NATHĀṆĀ, village 35 km northeast of Baṭhiṇḍā (30º -14'N, 74º -59'E) in the Punjab, is sacred to Gurū Hargobind, who came here after the battle of Gurūsar Mehrāj in December 1634. Kālu Nāth, a yogī living at Nathāṇā, who had served the Gurū during the battle with food and milk for his Sikhs, now came out personally to make obeisance and receive the Gurū's blessings. According to Bhāī Santokh Siṅgh, Srī Gur Pratāp Sūraj Granth, the Gurū stayed overnight at Nathāṇā and left for Kāṅgaṛ the next day. Gurdwārā Mañjī Sāhib Pātshāhī Chhevīṅ now commemorating the Gurū's visit stands on the bank of the village pond. The present building, constructed in 1957, is a large assembly hall, with the domed sanctum at the far end. Ancillary accommodation including Gurū kā Laṅgar and two rows of rooms for staff and visitors is in an adjacent spacious compound. The Gurdwārā owns 25 acres of land and is managed by the Shiromaṇī Gurdwārā Parbandhak Committee through a local committee. Besides the daily services, important anniversaries on the Sikh calendar are marked by special dīvāns. The largest-attended among them is the annual festival on new-moon eve of the lunar month of Chet (March) at the shrine of Kālū Nāth located in the centre of the village.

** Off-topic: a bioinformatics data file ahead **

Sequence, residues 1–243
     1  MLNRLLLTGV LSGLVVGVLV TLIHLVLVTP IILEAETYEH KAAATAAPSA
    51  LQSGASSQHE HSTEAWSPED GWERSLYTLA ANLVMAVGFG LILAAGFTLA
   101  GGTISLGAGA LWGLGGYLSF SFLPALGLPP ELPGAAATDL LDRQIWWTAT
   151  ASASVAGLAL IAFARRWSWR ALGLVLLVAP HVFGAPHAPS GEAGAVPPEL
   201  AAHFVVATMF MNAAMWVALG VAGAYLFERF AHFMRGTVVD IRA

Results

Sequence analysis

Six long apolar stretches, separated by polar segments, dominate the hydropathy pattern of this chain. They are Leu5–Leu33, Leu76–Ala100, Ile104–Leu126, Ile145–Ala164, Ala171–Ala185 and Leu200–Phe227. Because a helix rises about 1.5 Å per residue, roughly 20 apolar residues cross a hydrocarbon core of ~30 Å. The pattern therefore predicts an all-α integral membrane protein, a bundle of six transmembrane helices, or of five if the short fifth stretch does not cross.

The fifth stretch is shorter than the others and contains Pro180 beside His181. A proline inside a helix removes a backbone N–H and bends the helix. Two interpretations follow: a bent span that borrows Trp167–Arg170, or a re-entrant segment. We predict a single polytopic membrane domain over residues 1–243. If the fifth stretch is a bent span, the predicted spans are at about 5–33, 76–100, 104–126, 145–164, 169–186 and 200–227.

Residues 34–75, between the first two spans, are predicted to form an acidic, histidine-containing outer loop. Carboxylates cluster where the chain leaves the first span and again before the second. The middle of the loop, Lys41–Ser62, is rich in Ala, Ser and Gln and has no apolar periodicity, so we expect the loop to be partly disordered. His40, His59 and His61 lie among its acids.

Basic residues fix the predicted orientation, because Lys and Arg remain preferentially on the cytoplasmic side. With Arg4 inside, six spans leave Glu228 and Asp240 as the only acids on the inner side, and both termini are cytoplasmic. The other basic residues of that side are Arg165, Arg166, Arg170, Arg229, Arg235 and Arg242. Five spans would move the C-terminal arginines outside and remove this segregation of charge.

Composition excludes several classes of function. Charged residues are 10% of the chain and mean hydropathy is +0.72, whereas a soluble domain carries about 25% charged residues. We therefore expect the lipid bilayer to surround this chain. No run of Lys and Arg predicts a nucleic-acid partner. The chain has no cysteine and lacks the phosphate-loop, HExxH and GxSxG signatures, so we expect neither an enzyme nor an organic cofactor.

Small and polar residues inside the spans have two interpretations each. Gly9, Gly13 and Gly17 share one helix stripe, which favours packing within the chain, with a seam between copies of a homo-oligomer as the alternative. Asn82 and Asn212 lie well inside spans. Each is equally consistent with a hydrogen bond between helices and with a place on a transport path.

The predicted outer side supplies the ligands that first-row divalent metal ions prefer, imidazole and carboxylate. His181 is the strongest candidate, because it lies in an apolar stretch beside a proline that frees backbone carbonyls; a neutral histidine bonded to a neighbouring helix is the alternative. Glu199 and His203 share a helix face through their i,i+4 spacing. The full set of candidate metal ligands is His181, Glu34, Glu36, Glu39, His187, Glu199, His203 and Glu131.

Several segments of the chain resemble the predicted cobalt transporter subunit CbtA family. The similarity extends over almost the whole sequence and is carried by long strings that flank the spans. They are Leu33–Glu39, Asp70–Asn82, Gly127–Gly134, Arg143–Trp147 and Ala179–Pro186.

Major Gurmukh Siṅgh (Retd.)